Loudon’s Tina Brunetti is using art to spread awareness of endangered animal species and Native American culture.
Brunetti has doodled since she was a little girl, but she never received a degree in art. The extent of her training comes from extracurricular art classes in high school and college and classes taken on her own. Her love of art stems from her Catholic background in St. Louis, Mo.
“We used to go to church every Sunday, and with my hearing impairment, I couldn’t really understand what the priest was saying, and also because he spoke Latin sometimes,” Brunetti said. “I thought, ‘I’m not getting anything out of this.’ I was just a little girl twiddling my thumbs, but the highlight actually was in Sunday school. We would do a coloring book, and the coloring book was about the life of Jesus, and I would color all the time.”
Brunetti’s mom bought books on how to draw cartoon characters, and she kept drawing. High school classes taught her how to paint, and when she went back to drawing and sketching, she got into Native American profiles. Brunetti said Native American culture has always been fascinating because of the connection she feels through the appreciation of land and animals.
When David Watson, Brunetti’s husband, saw her paintings at a gallery, he understood her talent. Brunetti found her support system.
“She was applying for a grant from vocational rehabilitation because of her hearing impairment,” Watson said. “So she had to write a business plan and all this to get a grant to try to start up an art business. So that was one of the things that got her going, because she actually won it, so she could buy a tent and all that that you need at an art fair and supplies and things. So that kind of jump-started her business. So you have to do it for a while and show them you can make a profit and she was able to show them that and that’s why she was able to keep the money.”
Brunetti was the first person in Tennessee’s vocational rehabilitation program to receive the grant and keep the money.
She had a booth in Loudon at The Red Door Gallery called Brunetti Confetti Art where she sold paintings and Watson sold jewelry he made from small prints of her paintings. One of her friends at the gallery told Brunetti about an art class in Oak Ridge where he could teach her how to paint water — something Brunetti struggled with.
In her class, Brunetti saw two women painting flowers with alcohol ink on paper. She had only seen alcohol ink used in abstract ways until that point. She told her instructor she wanted to paint animals with alcohol ink. After her first attempt, her instructor told her she was “on her own” because the wolf she painted was so good, she said. He told her she didn’t need further instruction.
“David started bringing home sheets of old metal, so he suggested working on metal,” Brunetti said. “So I started painting on metal, and I just loved what the metal does behind the alcohol ink because the alcohol ink can be very transparent, and the metal will shine through. As I kept painting on metal, I decided to grind on the metal first to really get the shine and different textures. … Then I started adding more details to the metal with a Dremel as well as painting on the metal.”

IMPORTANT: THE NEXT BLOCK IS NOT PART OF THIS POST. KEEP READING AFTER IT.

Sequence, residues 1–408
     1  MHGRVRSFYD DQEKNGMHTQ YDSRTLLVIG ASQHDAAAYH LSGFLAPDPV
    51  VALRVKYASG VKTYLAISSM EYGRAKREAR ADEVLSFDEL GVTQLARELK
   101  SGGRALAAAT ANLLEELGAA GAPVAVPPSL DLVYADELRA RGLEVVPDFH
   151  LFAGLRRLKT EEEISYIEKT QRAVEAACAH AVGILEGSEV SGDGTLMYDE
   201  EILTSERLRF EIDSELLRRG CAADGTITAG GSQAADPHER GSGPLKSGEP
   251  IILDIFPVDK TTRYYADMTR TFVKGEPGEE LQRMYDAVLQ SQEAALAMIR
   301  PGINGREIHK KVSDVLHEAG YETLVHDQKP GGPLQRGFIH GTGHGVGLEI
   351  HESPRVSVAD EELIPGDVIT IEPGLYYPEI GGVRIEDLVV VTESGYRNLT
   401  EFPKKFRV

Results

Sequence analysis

A Dremel is an engraving tool that adds fine lines once paint is on the metal, which allows detail in Brunetti’s work that most people can’t achieve, Watson said. The idea to use metal came from a visit to Key West, Fla.
“There were art galleries there, and they were doing some things with metal, not alcohol ink, but some weird things like taking it down and letting it set in the ocean and letting barnacles grow on it and stuff. From there it just kind of clicked,” Watson said.
Brunetti started using aluminum and steel, but soon experimented with copper and brass. When she does commission work like pet portraits, she will typically use copper because she can torch the metal or soak it in chemicals to give different colors.
She specifically likes to paint endangered animals to raise awareness.
“People are getting better about being more aware, but I just feel like I need to keep reminding people that bad things are still happening,” she said. “There’s still poaching out there. They’re doing what they can, and this trophy hunting business, that should be outlawed, and that’s just the way I feel. I’m not talking about the way they hunt for deer here. I mean, I don’t like it, but I’m talking about the trophy hunting.”
Brunetti uses art shows as a platform.
“She makes plaques,” Watson said. “She will research the animal in the painting and sort of describe their habitat and what they do and the status and all that. So people will come in and look at the paintings, but also read.”
Brunetti said sometimes she will also tie in some spiritual relationships with the animals like ones seen within Native American culture.
“It hasn’t been that long in the grand scheme of things, but when we go to the art shows her art is unique in the sense that no one else is doing kind of exactly what she’s doing with that combination of mediums,” Watson said.